Oracle President Says SAP Is In A Reactionary State


Charles Phillips



Oracle president Charles Phillips says SAP's recent acquisitions suggest that Oracle is dictating the direction the industry is taking. "It's a change in their strategy," Phillips said Tuesday in an interview following his keynote address at the Information Processing Interagency Conference, a gathering of government IT managers in Orlando, Fla. "They didn't want to make acquisitions; they said they wanted to innovate. Well, all of a sudden they changed their minds so they're reacting to what we're doing in the marketplace. I think that's good. We're going to keep them reacting in the next few years."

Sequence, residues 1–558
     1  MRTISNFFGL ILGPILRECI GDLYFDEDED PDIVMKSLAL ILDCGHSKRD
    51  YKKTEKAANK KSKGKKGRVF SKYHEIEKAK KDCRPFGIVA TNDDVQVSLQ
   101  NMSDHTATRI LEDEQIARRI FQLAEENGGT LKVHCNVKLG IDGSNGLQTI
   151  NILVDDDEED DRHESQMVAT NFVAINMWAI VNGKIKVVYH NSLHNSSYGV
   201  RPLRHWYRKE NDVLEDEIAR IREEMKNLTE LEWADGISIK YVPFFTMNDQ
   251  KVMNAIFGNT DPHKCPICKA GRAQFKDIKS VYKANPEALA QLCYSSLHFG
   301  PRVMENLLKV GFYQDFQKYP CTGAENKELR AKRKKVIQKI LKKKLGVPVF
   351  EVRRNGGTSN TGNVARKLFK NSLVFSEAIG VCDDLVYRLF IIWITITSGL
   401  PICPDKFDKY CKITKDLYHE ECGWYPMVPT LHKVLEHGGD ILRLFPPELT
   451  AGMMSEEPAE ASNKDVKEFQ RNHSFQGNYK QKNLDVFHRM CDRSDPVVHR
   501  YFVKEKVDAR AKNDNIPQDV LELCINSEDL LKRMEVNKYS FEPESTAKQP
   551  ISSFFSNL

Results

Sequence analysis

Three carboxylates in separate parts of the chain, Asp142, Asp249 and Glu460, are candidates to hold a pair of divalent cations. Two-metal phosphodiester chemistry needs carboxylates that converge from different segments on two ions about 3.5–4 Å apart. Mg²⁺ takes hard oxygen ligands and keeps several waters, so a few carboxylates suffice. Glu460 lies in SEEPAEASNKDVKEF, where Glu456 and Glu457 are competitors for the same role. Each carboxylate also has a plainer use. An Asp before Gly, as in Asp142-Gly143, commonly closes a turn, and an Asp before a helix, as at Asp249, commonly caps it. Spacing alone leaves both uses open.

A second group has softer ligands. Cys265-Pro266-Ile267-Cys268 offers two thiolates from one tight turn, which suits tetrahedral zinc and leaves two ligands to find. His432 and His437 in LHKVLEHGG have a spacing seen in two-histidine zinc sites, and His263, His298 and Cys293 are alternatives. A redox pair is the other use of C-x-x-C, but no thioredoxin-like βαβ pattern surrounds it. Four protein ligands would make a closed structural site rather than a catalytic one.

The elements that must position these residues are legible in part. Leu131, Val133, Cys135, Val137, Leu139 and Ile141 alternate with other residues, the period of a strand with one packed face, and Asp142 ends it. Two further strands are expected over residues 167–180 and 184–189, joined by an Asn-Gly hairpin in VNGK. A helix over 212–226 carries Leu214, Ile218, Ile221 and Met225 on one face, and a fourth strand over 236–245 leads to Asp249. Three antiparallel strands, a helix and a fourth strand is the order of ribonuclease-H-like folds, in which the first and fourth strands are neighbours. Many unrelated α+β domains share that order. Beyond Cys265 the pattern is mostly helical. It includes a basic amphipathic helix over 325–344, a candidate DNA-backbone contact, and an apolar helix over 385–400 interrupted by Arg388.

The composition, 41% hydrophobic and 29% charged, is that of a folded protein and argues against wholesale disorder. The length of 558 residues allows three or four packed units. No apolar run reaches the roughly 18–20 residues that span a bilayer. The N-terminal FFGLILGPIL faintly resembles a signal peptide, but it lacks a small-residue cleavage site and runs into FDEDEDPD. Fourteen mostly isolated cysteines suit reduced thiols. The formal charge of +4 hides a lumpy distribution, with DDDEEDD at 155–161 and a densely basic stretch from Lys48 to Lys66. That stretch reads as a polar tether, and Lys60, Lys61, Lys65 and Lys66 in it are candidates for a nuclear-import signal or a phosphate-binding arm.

This week, SAP said it would buy Retek Inc., a maker of retail-management software, for $496 million. Shortly after Oracle acquired competitor PeopleSoft in January, changing the dynamics of the business-enterprise software industry, SAP announced its acquisition of TomorrowNow Inc., a supplier of software maintenance and support services for PeopleSoft applications. Many ex-PeopleSoft employees work at TomorrowNow.

Phillips sees challenges for SAP in its recent acquisitions. "They have less experience integrating them than we do," he says.

The biggest challenge Oracle faces in integrating PeopleSoft customers is getting the message out about the benefits of its existing products and future wares based on standardization and innovation, Phillips says. "We've got to be convincing that standardization is good for them," he says.

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Phillips' keynote address focused on how organizations must architect information before designing systems. "People are realizing that they want [reliable] information," he said, "not just the latest and greatest best-of-breed application."